Recent interest in applications of adaptive engine mounts to improve ride quality and passenger comfort has introduced new research areas in the field of vehicle dynamics and control. Introduction of vehicles with smaller engines and lighter and more flexible frames, for the purpose of improving fuel economy, has led to increased frame vibration levels. Frame vibration at engine idle speeds is caused by engine firing and imbalance forces which are transmitted primarily through the engine mounts. Consequently, effort has been focused on improving engine mount technology to achieve better vibration isolation.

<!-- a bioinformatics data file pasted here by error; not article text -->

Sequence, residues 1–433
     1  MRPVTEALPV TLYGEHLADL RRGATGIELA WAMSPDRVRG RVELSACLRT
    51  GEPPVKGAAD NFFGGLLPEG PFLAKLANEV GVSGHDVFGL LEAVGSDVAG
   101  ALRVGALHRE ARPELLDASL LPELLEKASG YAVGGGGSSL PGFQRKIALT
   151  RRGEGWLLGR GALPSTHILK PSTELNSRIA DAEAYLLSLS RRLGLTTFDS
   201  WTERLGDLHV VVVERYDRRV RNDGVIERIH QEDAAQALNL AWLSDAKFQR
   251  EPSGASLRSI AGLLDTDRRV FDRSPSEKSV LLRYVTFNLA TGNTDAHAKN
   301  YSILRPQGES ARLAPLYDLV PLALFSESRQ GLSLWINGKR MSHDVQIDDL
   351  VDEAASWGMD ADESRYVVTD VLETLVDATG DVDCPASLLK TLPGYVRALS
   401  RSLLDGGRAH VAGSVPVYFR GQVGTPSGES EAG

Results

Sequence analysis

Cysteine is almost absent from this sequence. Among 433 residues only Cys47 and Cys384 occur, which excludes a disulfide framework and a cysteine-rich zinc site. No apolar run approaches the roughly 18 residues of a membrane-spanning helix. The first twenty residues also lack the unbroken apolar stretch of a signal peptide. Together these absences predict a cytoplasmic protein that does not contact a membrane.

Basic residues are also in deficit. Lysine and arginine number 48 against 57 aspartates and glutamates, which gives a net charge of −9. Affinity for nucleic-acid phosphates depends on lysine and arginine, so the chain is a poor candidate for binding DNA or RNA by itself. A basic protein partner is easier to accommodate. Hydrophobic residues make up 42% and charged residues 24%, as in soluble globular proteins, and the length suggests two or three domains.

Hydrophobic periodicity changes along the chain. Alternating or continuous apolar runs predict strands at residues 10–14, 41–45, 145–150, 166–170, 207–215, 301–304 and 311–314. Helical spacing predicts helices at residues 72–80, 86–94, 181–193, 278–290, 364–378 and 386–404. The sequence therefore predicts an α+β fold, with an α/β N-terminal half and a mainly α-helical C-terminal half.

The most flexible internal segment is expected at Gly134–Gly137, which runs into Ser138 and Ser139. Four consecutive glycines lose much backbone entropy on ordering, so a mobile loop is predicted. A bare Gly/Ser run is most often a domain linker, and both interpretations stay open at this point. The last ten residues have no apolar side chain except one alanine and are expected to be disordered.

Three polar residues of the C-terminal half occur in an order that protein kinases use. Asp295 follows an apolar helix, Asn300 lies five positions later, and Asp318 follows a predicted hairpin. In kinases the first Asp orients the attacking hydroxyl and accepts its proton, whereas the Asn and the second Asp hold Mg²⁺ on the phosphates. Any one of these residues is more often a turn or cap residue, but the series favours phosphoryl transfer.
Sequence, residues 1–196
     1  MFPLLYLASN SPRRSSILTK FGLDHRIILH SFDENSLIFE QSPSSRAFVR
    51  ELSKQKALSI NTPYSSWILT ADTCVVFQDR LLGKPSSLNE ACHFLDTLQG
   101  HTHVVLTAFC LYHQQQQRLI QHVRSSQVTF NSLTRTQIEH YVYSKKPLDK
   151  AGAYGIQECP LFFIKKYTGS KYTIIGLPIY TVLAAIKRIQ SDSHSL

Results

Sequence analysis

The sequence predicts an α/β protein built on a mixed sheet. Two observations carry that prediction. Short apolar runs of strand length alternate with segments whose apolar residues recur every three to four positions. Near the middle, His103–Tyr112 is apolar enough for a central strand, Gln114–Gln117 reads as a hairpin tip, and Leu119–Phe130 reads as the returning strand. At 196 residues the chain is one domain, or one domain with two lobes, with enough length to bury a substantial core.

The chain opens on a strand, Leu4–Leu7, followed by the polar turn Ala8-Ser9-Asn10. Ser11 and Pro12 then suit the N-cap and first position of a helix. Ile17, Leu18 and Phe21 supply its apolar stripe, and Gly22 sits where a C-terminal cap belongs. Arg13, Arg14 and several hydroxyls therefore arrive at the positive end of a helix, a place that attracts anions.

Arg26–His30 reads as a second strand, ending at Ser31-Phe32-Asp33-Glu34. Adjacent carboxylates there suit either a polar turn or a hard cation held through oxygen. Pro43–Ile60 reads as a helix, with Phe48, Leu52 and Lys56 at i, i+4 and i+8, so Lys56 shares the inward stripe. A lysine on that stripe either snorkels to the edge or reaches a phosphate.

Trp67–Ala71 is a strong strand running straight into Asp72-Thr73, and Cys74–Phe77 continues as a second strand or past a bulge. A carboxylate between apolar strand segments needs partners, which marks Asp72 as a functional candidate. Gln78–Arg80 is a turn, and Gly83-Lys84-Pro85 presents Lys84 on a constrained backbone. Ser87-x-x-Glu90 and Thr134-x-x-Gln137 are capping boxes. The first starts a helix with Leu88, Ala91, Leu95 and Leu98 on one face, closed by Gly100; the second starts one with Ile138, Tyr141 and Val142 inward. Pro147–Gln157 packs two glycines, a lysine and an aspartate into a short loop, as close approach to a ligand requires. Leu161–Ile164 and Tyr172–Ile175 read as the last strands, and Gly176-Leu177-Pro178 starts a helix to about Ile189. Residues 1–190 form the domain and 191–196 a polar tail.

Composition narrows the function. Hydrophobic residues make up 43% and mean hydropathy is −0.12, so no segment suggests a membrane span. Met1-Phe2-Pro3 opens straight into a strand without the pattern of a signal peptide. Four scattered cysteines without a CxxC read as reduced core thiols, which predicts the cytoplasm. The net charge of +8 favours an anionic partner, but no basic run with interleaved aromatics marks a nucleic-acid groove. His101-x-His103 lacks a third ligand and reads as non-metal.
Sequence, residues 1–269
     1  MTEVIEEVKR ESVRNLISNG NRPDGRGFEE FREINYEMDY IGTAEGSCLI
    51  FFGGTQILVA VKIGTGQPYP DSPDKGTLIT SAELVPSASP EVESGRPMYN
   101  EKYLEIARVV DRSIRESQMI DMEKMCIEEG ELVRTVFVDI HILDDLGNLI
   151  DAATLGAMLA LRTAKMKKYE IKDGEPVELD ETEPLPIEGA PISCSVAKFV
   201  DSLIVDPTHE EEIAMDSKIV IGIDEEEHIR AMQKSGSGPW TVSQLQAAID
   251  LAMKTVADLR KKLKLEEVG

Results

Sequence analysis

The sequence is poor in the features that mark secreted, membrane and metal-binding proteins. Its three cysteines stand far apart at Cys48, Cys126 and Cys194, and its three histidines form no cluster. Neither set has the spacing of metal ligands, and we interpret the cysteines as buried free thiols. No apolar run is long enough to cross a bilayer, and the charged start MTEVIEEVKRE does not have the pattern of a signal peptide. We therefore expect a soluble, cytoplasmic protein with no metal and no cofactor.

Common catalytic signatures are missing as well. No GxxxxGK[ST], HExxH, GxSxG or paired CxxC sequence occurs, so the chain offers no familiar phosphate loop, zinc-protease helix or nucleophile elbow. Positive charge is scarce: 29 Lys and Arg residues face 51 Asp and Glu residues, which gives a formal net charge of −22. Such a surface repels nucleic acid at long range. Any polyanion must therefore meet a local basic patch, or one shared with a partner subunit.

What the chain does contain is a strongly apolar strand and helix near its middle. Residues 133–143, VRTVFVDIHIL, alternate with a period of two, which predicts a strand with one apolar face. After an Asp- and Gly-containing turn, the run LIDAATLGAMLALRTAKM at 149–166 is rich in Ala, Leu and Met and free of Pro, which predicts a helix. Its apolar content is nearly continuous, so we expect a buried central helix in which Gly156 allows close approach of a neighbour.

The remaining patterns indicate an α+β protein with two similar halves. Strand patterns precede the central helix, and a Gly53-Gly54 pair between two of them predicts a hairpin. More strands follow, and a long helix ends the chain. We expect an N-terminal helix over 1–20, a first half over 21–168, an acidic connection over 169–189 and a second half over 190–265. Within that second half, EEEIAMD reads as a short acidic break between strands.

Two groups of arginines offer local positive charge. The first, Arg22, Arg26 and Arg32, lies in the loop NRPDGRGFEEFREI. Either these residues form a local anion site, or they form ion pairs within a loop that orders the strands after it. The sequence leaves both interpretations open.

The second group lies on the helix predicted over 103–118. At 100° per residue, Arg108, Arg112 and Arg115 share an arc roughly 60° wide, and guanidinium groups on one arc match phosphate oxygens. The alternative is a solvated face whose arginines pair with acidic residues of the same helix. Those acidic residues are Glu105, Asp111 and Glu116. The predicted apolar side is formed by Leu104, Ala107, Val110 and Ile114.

Introduction of adaptive engine mounts into the dynamics of a flexible engine-frame system requires an integrated study from both vibration and control points of view. This paper presents the results of an on-going research on applications of adaptive hydraulic mounts, manufactured by Cooper Industrial Products, on a Ford Ranger Light Truck. Several issues have been studied which form the fundamentals for optimal implementation of adaptive engine mounts. These include: system modeling, controller design, required sensors, and design of new actuators. The focus of this paper is on the controller design for hydraulic engine mounts. In particular, the issue of open-loop control versus closed-loop control will be discussed and performance of these control schemes once implemented on the actual vehicle will be compared.